If order doesn't matter, these are most of the partitions of 11, namely all partitions except 11 and 10+1.

A recursive pseudocode implementation is something like:

def partitions(n):
ans = empty list
for i from max(9, i ) to 0:
for rest in partitions(n-i):
Add (i + rest) to and
return ans
posted by hoyland at 11:50 AM on August 1

I think hoyland has the right mathematical answer, but note that Excel and VBA keep a cap on the number of loops it will evaluate.

The LAMBDA() wrapper is exempted from this restriction [1], and it may be your code stops because of the restriction.

posted by k3ninho at 12:21 PM on August 1

Response by poster: Thanks for the quick replies!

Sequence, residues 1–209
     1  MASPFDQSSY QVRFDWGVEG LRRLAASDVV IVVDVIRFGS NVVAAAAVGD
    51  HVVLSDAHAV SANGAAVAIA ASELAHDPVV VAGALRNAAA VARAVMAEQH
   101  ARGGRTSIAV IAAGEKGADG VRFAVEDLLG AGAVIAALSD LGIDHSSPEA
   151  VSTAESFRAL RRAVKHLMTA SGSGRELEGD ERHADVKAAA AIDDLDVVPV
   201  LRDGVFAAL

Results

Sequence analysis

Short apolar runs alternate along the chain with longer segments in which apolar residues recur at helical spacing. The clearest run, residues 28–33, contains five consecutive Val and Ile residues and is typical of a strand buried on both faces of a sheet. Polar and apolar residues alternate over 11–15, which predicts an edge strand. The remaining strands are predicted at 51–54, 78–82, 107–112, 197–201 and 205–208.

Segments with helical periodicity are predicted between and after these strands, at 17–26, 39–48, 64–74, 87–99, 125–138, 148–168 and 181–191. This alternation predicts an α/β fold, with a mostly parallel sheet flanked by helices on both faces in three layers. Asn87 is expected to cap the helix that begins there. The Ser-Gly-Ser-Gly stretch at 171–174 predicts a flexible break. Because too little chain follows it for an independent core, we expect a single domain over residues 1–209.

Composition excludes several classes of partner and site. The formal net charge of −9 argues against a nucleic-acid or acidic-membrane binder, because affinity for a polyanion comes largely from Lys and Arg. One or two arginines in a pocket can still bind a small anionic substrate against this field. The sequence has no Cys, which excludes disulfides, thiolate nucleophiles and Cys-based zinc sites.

Re: ChatGPT -> I've already tried both claude and GPT and they both get stuck.

Re: partitions of 11 - I want to clarify, I'm not trying to find alternative ways to get solution of 11 -> thats just a random constraint that I invented.

My core question is I have designed this recursive function. When it finds a solution, I want it to try and find the next solution by varying the earliest possible decision point that hasn't been tried yet.

So for example, the first run with the code as I've written it is to find the solution 000000029. I want to then run the next solution i want it to try is 100000019, and then 200000009, etc.
posted by cacofonie at 12:37 PM on August 1

Best answer: It sounds like you're trying to interleave two different orderings, which is far from any standard solution to this type of problem.

If I understand correctly, right now you have a function that assigns values to your positions from left to right, backtracking when it runs out of options in one position to try the next value of the previous position. That's a standard way to recursively enumerate these sorts of combinations.